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The perils of endless war

This morning I was talking about English nationalism and the World Cup with a friend, and the discussion shifted to an op-ed in this morning’s Washington Post by Andrew Bacevich on the corrosive effect of long wars on the military and on democracy. Here’s how his piece begins:

Long wars are antithetical to democracy. Protracted conflict introduces toxins that inexorably corrode the values of popular government. Not least among those values is a code of military conduct that honors the principle of civilian control while keeping the officer corps free from the taint of politics. Events of the past week — notably the Rolling Stone profile that led to Gen. Stanley A. McChrystal’s dismissal — hint at the toll that nearly a decade of continuous conflict has exacted on the U.S. armed forces. The fate of any one general qualifies as small beer: Wearing four stars does not signify indispensability. But indications that the military’s professional ethic is eroding, evident in the disrespect for senior civilians expressed by McChrystal and his inner circle, should set off alarms.

My friend sent along the poem The Cuirassiers Of The Frontier that really hits the theme of Bacevich’s piece. The poem, on the subject of soldiers in the Roman army, closes with the following two lines:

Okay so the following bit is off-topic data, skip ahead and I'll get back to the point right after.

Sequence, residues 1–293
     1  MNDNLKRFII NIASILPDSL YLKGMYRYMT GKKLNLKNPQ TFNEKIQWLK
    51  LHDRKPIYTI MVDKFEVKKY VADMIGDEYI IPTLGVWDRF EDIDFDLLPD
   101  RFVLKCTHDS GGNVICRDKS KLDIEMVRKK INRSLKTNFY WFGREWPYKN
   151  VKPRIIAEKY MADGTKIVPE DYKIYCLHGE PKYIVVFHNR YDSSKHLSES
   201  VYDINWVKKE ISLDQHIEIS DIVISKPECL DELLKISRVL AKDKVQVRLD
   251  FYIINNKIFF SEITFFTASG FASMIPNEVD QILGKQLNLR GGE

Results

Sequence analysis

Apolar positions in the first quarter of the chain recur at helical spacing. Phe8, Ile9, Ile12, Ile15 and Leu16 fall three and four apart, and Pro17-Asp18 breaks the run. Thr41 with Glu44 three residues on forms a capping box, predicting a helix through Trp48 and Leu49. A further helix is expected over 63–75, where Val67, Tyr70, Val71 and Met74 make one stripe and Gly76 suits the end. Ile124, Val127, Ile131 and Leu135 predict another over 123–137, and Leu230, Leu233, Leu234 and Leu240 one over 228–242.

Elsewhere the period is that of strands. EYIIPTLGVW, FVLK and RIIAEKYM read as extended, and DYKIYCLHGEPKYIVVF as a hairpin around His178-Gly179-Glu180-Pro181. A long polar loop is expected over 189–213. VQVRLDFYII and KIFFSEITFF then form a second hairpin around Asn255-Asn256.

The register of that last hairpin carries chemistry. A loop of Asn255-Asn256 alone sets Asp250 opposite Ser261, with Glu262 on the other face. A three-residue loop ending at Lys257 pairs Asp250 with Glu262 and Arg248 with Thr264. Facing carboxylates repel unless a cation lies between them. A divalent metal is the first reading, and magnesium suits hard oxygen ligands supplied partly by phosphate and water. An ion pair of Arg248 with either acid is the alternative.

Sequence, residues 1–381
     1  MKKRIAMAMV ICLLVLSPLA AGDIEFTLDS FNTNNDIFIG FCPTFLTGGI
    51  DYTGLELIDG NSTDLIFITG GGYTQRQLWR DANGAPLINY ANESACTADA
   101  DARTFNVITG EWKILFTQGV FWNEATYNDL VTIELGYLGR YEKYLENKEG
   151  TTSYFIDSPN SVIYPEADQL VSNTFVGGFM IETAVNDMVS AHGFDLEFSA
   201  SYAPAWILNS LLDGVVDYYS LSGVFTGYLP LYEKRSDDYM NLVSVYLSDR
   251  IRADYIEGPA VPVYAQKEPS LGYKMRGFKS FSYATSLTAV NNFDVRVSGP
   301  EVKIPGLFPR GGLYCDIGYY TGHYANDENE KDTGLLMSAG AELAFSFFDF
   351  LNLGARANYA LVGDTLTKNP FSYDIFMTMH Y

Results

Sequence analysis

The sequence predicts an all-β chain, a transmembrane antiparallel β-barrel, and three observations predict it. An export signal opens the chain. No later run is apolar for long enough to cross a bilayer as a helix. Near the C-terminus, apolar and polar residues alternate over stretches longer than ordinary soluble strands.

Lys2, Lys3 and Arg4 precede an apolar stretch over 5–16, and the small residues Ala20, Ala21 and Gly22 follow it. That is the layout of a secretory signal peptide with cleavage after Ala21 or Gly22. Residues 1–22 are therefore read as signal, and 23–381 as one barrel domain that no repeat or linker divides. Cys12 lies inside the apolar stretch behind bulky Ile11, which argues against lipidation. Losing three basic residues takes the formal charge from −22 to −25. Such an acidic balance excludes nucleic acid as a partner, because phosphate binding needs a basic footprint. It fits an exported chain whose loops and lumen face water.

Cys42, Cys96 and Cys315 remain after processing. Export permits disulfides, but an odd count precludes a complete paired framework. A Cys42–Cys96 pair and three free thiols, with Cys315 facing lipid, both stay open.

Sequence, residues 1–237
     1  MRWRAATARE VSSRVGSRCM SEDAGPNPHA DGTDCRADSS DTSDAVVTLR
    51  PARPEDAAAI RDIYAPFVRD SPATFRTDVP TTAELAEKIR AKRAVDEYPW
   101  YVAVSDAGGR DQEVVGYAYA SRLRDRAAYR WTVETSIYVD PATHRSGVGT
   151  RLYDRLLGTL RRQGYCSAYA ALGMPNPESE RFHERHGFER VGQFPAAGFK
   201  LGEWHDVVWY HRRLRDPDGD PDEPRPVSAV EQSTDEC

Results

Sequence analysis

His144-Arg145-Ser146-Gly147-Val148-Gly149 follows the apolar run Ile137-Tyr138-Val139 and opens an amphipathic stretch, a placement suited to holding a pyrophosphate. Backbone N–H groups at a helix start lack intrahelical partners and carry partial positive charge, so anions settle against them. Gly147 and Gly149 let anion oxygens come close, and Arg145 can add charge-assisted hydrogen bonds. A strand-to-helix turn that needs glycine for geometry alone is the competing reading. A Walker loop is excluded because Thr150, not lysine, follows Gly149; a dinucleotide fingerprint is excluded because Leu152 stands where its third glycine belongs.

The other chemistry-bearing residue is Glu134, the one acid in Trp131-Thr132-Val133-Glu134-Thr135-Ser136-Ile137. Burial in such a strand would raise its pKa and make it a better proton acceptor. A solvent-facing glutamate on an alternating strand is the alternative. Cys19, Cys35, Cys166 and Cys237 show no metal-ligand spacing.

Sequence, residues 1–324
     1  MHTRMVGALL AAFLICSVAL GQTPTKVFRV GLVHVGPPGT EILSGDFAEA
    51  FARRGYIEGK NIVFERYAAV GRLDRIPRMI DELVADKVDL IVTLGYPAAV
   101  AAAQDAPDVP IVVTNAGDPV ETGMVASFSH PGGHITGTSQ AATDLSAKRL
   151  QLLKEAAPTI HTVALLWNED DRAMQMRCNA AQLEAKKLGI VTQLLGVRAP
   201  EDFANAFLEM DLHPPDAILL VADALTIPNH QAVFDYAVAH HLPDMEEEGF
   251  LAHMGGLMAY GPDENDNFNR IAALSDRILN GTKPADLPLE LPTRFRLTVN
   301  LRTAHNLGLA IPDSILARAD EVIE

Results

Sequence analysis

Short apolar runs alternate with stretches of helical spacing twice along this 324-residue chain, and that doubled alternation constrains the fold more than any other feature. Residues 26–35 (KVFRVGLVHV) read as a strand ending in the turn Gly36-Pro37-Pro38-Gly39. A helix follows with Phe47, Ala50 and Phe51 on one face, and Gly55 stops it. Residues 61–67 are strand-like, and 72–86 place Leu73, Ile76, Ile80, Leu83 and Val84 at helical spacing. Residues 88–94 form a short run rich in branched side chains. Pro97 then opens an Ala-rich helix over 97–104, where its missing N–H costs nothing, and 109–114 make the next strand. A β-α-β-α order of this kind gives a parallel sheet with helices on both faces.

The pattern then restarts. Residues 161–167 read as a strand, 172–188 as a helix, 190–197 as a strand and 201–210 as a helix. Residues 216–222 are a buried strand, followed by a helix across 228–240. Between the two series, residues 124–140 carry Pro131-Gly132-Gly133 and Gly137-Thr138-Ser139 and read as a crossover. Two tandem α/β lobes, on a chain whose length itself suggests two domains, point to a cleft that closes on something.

We, not the City, are the Empire’s soul:
A rotten tree lives only in its rind.

It’s not hard for me to imagine that’s how General McChrystal’s team in Afghanistan see themselves.

2 Comments

  1. I find myself more and more depressed by such news and commentary. The lack of change on these fronts between Bush and Obama administrations show how deeply institutionalized many of the problems are. Does nobody at the top pay attention??

  2. There is a reason our founders tasked the government with providing for the common DEFENSE and created the Department of WAR. We’ve gotten so far away from that original mission that we invaded, conquered and occupied two countries for eight years without a declaration of war in either case.

    Pax Americana had a good run, but I think we’ve overextended ourselves militarily, diplomatically and fiscally to try and keep it all together.

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